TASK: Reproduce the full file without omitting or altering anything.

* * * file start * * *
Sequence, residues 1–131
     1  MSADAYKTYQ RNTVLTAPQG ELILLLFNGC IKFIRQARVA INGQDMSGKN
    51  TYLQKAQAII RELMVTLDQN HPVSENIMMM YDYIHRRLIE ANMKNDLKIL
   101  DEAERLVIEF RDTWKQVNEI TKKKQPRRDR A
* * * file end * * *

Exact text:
Sequence, residues 1–131
     1  MSADAYKTYQ RNTVLTAPQG ELILLLFNGC IKFIRQARVA INGQDMSGKN
    51  TYLQKAQAII RELMVTLDQN HPVSENIMMM YDYIHRRLIE ANMKNDLKIL
   101  DEAERLVIEF RDTWKQVNEI TKKKQPRRDR A